Extremely Wicked, Shockingly Evil and Vile: Get’cha Head in the Game, by David Bax

This review originally ran as part of our Sundance 2019 coverage.

Joe Berlinger’s Extremely Wicked, Shockingly Evil and Vile ultimately fails in its mission to provide the viewer with anything deeper or broader than an adaptation of what they’d uncover in a Google search. But it does deserve credit for respectfully avoiding the temptation to be salacious. With only one brief, powerful, and well-timed exception, Ted Bundy’s crimes are not dramatized onscreen; the description of them by police and prosecutors is powerful enough on its own to horrify.

Zac Efron stars as Bundy and Lily Collins, in nearly equal screentime, plays Liz, the woman to whom Bundy was engaged to be married when he was first arrested for his atrocious murders. Extremely Wicked begins with their courtship and then proceeds, more as a legal and courtroom drama than anything else, through Bundy’s arrests, trials and escapes.

Thus Efron plays Bundy not as he might have been while murdering young women but as he was in front of people he wasn’t planning to kill; cops, lawyers, judges, reporters, cameras, Liz. In other words, Efron is playing a character who is constantly playing a character, the charming law student who insisted on his innocence for (very nearly) his entire life. Collins, meanwhile, plays Liz as someone who, for a long time, denies what the evidence is telling her not because she believes so deeply in Bundy but because she can’t confront the fact that she was duped by him.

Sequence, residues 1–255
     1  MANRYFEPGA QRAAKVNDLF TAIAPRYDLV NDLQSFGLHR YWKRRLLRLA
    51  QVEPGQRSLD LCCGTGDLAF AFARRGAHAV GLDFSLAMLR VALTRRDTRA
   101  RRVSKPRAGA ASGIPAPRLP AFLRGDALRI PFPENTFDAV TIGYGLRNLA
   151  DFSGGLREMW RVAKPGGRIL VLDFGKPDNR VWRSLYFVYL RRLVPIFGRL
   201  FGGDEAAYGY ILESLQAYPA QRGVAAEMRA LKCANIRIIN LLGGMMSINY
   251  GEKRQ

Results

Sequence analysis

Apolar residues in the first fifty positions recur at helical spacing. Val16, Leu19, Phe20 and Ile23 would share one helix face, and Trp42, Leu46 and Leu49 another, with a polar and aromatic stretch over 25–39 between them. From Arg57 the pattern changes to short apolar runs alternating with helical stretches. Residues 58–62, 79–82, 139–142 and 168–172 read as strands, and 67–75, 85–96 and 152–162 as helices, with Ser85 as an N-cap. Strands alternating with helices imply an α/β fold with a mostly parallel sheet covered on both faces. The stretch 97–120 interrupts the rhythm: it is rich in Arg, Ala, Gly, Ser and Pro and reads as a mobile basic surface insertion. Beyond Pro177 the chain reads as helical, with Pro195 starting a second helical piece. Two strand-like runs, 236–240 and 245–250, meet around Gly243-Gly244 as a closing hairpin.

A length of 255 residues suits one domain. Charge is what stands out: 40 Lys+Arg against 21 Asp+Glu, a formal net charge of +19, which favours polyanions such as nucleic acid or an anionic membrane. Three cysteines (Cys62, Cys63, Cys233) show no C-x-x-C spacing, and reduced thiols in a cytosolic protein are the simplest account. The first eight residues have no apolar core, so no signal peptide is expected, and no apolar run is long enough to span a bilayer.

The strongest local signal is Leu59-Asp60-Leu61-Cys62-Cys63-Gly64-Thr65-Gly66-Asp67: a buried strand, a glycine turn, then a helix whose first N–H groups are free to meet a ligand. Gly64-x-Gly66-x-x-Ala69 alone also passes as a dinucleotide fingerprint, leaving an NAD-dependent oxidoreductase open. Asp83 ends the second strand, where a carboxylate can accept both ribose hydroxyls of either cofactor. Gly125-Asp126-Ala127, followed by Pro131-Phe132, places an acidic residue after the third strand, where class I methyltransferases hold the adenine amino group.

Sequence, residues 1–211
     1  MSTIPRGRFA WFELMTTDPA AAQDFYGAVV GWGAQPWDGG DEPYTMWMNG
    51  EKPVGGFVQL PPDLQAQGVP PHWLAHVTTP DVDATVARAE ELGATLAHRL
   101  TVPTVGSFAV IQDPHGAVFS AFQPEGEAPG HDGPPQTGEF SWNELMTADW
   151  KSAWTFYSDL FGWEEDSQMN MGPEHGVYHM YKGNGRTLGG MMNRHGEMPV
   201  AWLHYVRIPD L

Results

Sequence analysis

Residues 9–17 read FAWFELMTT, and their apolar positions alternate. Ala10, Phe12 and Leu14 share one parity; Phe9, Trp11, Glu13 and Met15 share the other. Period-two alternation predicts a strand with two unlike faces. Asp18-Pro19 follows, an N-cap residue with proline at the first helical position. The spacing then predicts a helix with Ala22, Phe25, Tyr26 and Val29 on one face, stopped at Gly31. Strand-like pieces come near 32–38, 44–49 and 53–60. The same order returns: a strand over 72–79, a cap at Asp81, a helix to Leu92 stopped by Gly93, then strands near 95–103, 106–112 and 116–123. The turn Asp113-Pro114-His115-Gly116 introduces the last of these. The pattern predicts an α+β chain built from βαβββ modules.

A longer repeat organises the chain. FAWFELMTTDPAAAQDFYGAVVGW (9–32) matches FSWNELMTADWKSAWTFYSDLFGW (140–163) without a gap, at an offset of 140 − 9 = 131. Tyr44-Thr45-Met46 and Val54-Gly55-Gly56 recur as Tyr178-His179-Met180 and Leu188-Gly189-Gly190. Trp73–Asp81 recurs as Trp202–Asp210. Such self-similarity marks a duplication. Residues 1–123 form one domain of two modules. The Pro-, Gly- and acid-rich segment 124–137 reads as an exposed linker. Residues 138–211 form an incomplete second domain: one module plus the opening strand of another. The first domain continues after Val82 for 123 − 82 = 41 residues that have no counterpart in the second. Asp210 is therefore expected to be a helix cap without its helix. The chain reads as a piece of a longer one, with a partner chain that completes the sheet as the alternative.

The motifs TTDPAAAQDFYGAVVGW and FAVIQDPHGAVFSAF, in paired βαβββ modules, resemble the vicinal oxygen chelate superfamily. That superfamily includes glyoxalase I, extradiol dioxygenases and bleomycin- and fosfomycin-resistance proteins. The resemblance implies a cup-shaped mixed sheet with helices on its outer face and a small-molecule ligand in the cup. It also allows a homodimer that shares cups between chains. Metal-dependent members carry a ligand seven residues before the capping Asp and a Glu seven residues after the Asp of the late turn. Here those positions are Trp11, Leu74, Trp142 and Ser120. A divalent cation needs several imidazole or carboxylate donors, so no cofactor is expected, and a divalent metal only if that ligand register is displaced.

It’s a shame, then, that the screenplay by Michael Werwie is unwilling to clasp hands with these performers and wade into the depths. Extremely Wicked lights from scene to scene, mostly providing only superficial glances at the situational facts. It’s not until far into the movie, when Liz’s character arc begins to seriously curve, that layers begin to form but, by then, it’s too late.

Alongside the end titles, Berlinger shows us real news footage of scenes we just got done seeing recreated. It gives us a chance, I suppose, to appreciate the mimicry skills of Efron, Kevin McClatchy as a Florida sheriff, John Malkovich as the judge in Bundy’s final trial and others (the impressive cast also includes Angela Sarafyan, Jeffrey Donovan, Dylan Baker, Kaya Scodelario, Haley Joel Osment, Brian Geraghty and Jim Parsons). But it also may shed some light on why so much of Extremely Wicked feels so rushed; perhaps it’s all just a commercial for Berlinger’s documentary version of the same story, already available for you to watch.

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